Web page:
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Capital Replacement Reserves
By: William I. Scrivens

A stewardship campaign may bring something new and exciting to your place of worship. Often, however, like Congress, there are added items, like the old roof that needs to be replaced or the heating and air conditioning system in the banquet hall, which has seen its last days. I know, as my church did just that several years ago. These add-ons were not so new and not so exciting, and are we really talking about stewardship?

The Merriam-Webster Dictionary defines stewardship as “the careful and responsible management of something entrusted to one's care.” In other words, stewardship is taking care of “resources” that are already owned and in place…and, in fact, has nothing to do with adding something new.

So where do we find this “Lost Side of Stewardship?”

Capital components or capital assets are typically items or components that are physical, accounted for, and have worth. For church facilities, we’re talking about the physical plant: the buildings and grounds, and all of the subcomponents like the parking lot and site lights, roofs and windows, audio equipment, hot water heaters, and so on. 

If we go and count and measure these, we come up with an inventory of capital components that make up our facility. This “Component Inventory” can be as detailed and customized as we need.

If we think about these inventory items, many of them have a finite life. In other words, once we have maintained a component as long as we can, it will need to be replaced. A hot water heater may last 10 years. A front door will probably last more than 5 years, but it is likely to be worn out by 25. 

This concept is known as the “Normal Economic Life” of a component. If we also consider the condition and age of each item and compare each one to their Normal Economic Life, we are considering the “Remaining Economic Life” of each component. The Normal Economic Life and Remaining Economic Life of the components in an inventory create cycles of replacement.

Notice the word “economic” comes into both terms, so we are talking about costs. Specifically, we are talking about a “Replacement Cost” for each item in the Component Inventory.

So, in a few words, we are considering the components of a facility and taking measurements, estimating replacement costs, and setting cycles of normal economic life and remaining economic life for each. This is the backbone of Capital Replacement Reserves. It is a systematic approach to understanding a facility’s long-term replacement needs based on the facility’s components, replacement costs, and replacement cycles.

Now, let us take all of these replacement cycles and costs and mathematically model them over time, accumulating these expenditures over, say, a 30-year period. What we have now is the long-term “Cumulative Expenditures” for all of the items making up our facility, a target that looks out into the future.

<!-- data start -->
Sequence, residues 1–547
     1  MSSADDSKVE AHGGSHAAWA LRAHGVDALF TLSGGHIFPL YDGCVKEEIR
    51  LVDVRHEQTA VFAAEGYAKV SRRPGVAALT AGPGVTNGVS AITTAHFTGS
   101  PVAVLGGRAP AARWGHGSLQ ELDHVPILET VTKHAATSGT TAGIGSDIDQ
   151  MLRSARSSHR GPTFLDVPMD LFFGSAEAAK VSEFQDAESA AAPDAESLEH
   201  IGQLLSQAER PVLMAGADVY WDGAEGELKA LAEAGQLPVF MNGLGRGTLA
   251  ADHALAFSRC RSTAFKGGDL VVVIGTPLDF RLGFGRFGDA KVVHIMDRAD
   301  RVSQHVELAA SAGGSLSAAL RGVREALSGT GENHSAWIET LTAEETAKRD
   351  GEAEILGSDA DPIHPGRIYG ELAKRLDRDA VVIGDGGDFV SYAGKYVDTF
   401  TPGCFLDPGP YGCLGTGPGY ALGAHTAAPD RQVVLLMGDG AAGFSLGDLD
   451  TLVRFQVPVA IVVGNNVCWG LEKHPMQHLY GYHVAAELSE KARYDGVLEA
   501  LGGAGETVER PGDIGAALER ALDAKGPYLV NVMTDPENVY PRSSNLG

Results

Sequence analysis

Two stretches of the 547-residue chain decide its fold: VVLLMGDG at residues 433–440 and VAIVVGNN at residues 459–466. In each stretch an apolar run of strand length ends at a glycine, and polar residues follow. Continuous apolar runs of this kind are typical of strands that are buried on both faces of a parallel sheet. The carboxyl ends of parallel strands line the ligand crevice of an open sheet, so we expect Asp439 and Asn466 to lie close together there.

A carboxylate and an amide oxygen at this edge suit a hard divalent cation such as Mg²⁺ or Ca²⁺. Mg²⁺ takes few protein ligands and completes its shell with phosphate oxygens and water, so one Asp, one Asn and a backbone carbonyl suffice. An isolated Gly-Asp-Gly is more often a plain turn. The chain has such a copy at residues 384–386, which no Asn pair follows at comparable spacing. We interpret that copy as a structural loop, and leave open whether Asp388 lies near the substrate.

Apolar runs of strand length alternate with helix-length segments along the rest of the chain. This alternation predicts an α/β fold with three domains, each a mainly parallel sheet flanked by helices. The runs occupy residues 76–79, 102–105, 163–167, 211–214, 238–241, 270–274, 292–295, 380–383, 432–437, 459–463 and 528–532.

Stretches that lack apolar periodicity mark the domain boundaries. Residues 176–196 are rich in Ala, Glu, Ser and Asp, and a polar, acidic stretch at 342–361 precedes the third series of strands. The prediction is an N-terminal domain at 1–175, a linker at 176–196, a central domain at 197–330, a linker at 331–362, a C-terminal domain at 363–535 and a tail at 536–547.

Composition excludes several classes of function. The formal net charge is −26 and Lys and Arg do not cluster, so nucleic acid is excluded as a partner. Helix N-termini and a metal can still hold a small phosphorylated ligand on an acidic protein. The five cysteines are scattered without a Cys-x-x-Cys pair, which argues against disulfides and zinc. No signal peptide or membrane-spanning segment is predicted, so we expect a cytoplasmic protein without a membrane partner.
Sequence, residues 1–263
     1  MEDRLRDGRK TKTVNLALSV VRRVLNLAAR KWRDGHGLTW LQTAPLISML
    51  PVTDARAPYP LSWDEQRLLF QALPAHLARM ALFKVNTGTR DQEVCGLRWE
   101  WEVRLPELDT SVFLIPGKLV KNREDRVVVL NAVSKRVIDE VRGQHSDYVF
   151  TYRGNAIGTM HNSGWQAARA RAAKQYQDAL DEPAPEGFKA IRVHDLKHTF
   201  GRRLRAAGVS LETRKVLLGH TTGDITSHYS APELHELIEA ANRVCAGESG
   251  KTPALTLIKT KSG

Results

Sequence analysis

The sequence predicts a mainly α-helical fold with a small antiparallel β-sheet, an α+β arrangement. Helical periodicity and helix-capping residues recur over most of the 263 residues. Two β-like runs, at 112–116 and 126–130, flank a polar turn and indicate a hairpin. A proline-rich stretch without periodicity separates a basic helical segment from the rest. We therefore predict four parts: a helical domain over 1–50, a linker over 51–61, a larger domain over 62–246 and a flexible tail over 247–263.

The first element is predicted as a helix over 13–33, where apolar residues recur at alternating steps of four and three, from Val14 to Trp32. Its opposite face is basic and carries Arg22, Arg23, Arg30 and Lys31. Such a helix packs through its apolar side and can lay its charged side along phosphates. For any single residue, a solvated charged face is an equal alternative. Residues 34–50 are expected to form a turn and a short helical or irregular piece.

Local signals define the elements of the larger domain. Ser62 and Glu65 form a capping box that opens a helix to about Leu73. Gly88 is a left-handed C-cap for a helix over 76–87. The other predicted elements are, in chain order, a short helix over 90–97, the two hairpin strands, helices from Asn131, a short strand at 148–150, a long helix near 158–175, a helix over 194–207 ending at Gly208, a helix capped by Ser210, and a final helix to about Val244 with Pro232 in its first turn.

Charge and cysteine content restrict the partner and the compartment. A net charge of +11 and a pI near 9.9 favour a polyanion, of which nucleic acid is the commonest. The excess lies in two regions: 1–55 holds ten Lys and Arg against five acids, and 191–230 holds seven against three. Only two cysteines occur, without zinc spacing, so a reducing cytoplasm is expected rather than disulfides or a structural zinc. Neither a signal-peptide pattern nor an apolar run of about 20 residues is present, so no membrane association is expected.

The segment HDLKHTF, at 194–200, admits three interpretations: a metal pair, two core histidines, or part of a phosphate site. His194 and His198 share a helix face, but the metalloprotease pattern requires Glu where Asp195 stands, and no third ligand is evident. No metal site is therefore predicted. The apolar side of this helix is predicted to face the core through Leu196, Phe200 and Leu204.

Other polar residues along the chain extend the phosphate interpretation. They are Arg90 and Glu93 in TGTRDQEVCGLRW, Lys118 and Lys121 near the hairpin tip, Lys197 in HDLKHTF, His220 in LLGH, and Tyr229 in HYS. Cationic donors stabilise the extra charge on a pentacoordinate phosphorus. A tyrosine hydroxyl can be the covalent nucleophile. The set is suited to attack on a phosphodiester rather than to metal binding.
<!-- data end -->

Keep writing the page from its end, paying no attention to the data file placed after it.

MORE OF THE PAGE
What is nice about looking at Cumulative Expenditures is that we can also consider the accumulation of Capital Replacement Reserve Funds. In other words, comparing apples to apples, cumulative to cumulative, we can budget for annual cumulative funding based on the projected cumulative expenditures. The accumulation of funds in this article is being modeled using the “Cash Flow Method.”

So, now we have to ask ourselves, with this approach to understanding our long-term funding needs, would we ever have to go back to our congregation and ask for the money to replace something we already understand and can anticipate?  We cannot say, “No,” but, with a Capital Replacement Reserve strategy thoughtfully considered and implemented, it becomes a whole lot less likely.

Boiling this down, finding the “Lost Side of Stewardship” starts with having the funds already available in anticipation of the replacements we can reasonably predict.

Let’s jump back a bit for some additional thoughts about that Component Inventory. The key to a good useful Capital Replacement Reserve plan is, of course, the raw data. The rest is mathematics and standardized practices. To reiterate, the Component Inventory is comprised of measurements, replacement costs, and setting cycles of replacement for each item.

This can quickly turn into another article, so let’s just leave it with a few thoughts. Sidewalks get partially replaced as tripping hazards need to be repaired, and roofs get replaced when leaks become too persistent. These are easy. 

Others, like the hymnals, take more consideration. Do you replace them when the pages are actually falling out of the books, or do you replace them when they start to look too beat up?  What is too beat up? But, wait, maybe you replace them for other reasons, with memorials of loved ones on the inside cover. That is what my church did, and for just that reason, hymnals will be replaced with more of a missionary heart.

The finesse of the Component Inventory is the key to a useful and meaningful Reserve Study.

Wrapping this up, I would like to step back to “the careful and responsible management of something entrusted to one's care.” The Bible spends a great deal of time talking about “stewardship.” Since the early 90s, computers and other technologies have brought new ways of addressing old problems.

The old problem being considered is how to pay for the replacement of your roof, windows, boiler, playground equipment, or all of the above. The solution being presented finds “the Lost Side of Stewardship,” starting with a sound financial plan and this idea of “Capital Replacement Reserves.”

William I. Scrivens is a reserve specialist with Miller Dodson, a nationally recognized Capital Reserve Consulting Firm, www.mdareserves.com.

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